“Bangladesh children toil to survive”[Tony Birtley in Dhaka, Bangladesh]
““” It was a routine raid by Bangladeshi police on a textile factory in a shadowy suburb of the capital, Dhaka.
But the raid was not because employees there included a “workforce” of girls as young as 10-year olds.
It was because the factory was operating illegally.
The girls work for 12 hours a day, six days a week, for just 70 US cents a day. They say they are happy and consider themselves lucky.
“I went to school for four years but I have to work because we are poor,” one of them said.
Millions of children worldwide have no choice but to sacrifice their education in order to support their families.
It is estimated that 218 million between the age of five and 17 work in developing countries.
In Bangladesh, at least five million children are believed to be working illegally in the agricultural sector, shops and factories.
As a result, the South Asian country is coming under international pressure to address the issue of child labour, despite families saying they have no choice but to send them to work.
In a country where the majority of the population of about 150 million people face a daily battle for survival, child workers are cheap and plentiful.
One in every six children worldwide are said to be working under age.
In Bangladesh, children as young as eight begin their working life in factories, simply because they have no choice.
Ujjal Muttin is 10 years old. He left school and started work at a Dhaka glass factory a few weeks ago. He works 16 hours a day in hot, dirty conditions with one day off a week. For that he earns just over $1 a day.
“We don’t feel the heat in the factory we like it,” Ujjal said in front of the factory owner.
On top of the long hours and small pay, he has to travel for an hour by foot and boat to get to home from work, where he shares a small room with his parents, grandmother, two brothers and two sisters.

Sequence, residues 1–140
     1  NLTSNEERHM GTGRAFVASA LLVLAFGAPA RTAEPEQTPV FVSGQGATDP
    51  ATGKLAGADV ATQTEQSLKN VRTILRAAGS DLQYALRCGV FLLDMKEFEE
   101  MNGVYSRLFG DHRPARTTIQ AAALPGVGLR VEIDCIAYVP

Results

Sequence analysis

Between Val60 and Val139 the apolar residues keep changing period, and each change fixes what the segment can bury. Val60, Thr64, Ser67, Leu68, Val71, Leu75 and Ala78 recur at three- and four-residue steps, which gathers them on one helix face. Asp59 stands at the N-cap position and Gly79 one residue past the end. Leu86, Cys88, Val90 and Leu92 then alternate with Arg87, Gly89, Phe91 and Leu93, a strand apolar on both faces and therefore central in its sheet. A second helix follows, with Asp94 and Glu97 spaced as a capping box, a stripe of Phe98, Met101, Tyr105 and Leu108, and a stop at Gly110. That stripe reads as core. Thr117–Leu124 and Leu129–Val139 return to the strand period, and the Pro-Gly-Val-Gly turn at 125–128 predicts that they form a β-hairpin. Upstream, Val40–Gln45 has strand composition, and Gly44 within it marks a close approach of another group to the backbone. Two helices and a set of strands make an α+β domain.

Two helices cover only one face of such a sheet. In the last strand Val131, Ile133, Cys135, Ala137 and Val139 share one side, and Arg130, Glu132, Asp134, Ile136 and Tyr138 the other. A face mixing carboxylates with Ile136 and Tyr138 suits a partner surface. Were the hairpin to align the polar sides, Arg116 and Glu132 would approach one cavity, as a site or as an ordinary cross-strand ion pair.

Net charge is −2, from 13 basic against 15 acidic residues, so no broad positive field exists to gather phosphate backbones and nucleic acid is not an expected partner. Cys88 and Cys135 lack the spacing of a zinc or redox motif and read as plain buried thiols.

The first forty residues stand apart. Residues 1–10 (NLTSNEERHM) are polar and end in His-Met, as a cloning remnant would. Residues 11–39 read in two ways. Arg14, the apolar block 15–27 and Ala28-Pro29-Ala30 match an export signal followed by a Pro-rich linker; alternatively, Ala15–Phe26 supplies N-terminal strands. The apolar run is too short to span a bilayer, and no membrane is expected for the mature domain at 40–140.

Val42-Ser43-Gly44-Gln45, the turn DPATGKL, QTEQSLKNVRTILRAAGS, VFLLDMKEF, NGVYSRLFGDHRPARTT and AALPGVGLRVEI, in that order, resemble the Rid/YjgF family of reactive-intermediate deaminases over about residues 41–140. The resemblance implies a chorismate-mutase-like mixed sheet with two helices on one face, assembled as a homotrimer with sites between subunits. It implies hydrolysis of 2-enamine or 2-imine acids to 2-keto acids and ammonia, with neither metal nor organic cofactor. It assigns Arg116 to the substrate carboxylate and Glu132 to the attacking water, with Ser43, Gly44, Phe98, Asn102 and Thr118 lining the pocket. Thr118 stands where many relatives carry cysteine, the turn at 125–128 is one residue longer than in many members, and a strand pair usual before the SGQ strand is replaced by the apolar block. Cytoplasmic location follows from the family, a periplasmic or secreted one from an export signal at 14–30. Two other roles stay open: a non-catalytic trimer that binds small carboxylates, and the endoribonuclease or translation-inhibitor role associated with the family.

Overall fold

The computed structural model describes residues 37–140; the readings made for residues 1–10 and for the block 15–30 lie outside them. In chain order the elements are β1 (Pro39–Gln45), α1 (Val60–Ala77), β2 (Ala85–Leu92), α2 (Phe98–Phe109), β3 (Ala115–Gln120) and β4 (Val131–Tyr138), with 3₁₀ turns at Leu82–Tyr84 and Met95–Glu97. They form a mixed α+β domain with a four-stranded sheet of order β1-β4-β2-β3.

Ujjal’s mother says she has no choice but to send her son to work, because the family would not not be able to survive otherwise.
“I have to send him to the factory because my husband cannot earn enough to pay for more than rice and rent.
“With Ujjal’s money we can buy vegetables and fish. I feel bad that he cannot go to school but what can I do we are poor,” she said.
Bangladesh is under international pressure to address child labour. But many of those who criticise the country’s inability to tackle child employment forget that families can only often survive because of the money their children earn.
Basudeb Maitra Basu, from the Organisation for Disadvantaged Children, a nongovernmental organisation, said: “No parents want to send their children to work, especially in hazardous conditions.”
The UK’s department for international development says more than 82 per cent of Bangladeshis live below $2 per day.
As a consequence, Basu says, families are “helpless” but to send their children to work.
“They send them to the factories to save their families. They know this is harmful to their kids but they don’t have an alternative.”
While, on one side of Bangladesh’s education coin, parents have to pay for the tutoring of boys over the age of 10, on the other side all Bangladeshi girls get free education.
But parents are still forced to take the decision to send their daughters to work because of the need of basic food items.
Ujjal does not complain about work and is happy to provide for his family, but he misses school.
“I used to know everybody,” he says. “The teacher used to tell us stories and during break we used to play. I loved all those things.”
In contrast, many children like Ujjal find themselves exposed to long working hours, unsatisfactory working conditions and back-breaking work loads.
Unavoidably placed in these conditions, millions of children in Bangladesh have found themselves vulnerable to exploitation with only dreams of school. “””